Did Salmonella Kill Off the Aztecs?

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tags: Science, Mexico, DNA, Aztec, Salmonella



After Spanish conquistadors arrived in Mexico in 1519, one of the worst epidemics in human history tore through the once-mighty Aztec civilization. Within a century of the Spaniards’ arrival, the Aztec population had been reduced from some 25 million to just 1 million. Though speculation has long swirled over what caused the devastating outbreaks of disease, no one knows for sure. Now, a team of scientists has presented the first DNA evidence of bacteria found in the bodies of victims killed in one of the worst outbreaks. They suggest the culprit may have been a species of Salmonella bacteria, specifically a now-rare strain known as Paratyphi C.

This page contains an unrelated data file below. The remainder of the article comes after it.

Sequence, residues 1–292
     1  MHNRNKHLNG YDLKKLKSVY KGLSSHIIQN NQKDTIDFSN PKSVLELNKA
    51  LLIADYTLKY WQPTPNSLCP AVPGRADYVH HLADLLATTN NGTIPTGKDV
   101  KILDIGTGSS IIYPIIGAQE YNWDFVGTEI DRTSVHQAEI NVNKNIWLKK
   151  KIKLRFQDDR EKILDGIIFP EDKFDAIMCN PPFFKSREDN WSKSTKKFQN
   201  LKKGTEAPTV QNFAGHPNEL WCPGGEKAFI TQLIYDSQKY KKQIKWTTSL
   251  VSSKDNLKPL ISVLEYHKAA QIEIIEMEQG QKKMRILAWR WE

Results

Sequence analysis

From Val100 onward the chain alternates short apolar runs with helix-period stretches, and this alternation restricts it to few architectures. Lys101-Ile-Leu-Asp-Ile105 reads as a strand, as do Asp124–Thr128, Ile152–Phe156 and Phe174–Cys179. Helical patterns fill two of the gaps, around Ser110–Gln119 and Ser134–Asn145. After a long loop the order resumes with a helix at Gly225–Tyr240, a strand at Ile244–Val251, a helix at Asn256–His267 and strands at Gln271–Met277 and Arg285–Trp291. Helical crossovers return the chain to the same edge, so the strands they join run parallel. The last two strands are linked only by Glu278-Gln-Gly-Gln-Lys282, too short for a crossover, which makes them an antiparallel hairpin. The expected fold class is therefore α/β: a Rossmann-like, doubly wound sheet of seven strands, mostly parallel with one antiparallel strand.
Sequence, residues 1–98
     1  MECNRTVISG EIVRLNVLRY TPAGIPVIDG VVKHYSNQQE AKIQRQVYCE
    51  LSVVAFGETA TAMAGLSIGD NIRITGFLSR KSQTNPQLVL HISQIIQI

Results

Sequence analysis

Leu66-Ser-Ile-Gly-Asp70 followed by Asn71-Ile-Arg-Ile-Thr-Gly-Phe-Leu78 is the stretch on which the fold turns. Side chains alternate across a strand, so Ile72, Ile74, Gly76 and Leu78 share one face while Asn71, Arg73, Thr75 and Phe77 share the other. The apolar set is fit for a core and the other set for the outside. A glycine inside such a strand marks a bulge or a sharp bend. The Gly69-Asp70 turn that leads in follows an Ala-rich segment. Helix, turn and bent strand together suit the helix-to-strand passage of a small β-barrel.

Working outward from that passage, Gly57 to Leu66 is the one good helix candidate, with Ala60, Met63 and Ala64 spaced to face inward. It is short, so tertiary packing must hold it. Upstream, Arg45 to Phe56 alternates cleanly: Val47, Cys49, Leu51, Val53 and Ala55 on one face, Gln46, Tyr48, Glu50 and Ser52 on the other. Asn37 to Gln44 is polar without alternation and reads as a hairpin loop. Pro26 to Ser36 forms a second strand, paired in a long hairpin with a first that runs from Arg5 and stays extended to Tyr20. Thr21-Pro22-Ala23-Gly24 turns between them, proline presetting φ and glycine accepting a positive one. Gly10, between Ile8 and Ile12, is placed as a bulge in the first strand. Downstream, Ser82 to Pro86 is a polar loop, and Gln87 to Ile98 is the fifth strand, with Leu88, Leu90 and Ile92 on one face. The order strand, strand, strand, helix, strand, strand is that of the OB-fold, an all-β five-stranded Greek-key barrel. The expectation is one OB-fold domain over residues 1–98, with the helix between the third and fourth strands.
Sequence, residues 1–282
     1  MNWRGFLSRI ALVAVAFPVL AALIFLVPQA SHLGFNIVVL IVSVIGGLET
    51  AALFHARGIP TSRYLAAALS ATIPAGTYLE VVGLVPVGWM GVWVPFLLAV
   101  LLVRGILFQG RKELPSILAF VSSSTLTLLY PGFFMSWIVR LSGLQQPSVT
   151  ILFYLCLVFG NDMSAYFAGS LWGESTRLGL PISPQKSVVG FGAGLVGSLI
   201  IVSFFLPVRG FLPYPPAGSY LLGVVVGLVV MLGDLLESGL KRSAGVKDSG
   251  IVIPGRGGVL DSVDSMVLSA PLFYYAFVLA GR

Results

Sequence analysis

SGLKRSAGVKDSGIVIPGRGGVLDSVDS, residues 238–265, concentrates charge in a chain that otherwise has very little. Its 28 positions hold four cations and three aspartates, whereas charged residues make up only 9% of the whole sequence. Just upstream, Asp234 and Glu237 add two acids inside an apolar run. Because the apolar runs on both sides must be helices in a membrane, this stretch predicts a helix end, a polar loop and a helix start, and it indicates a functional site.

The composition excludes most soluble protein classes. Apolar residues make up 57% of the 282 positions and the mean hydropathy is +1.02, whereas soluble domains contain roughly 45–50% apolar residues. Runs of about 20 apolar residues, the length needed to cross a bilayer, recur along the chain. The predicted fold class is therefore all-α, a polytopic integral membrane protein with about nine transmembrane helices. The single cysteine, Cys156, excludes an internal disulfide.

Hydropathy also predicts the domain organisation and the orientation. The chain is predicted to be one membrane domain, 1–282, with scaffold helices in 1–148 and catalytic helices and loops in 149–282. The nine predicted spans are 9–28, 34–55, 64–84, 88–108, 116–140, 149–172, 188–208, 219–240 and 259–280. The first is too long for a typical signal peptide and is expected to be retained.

Today, those of us who are unlucky enough to get salmonella (or technically salmonellosis) will probably get it from eating undercooked meat, poultry or eggs. It’ll make us sick for about a week, including stomach cramps, nausea, vomiting, diarrhea, chills and fever. A nasty bug, yes—but not life-threatening.

But some strains of salmonella bacteria can cause serious illnesses, such as typhoid fever, and can even be deadly. One strain in particular, known as Paratyphi C, causes enteric fever, or fever in the intestines. When left untreated, the bug can kill up to 10 to 15 percent of those it infects. Paratyphi C is now extremely rare, and mostly strikes people in developing countries, where sanitary conditions may be poor. According to new DNA research, however, an outbreak of this deadly form of salmonella may have contributed to the 16th-century downfall of the Aztecs.




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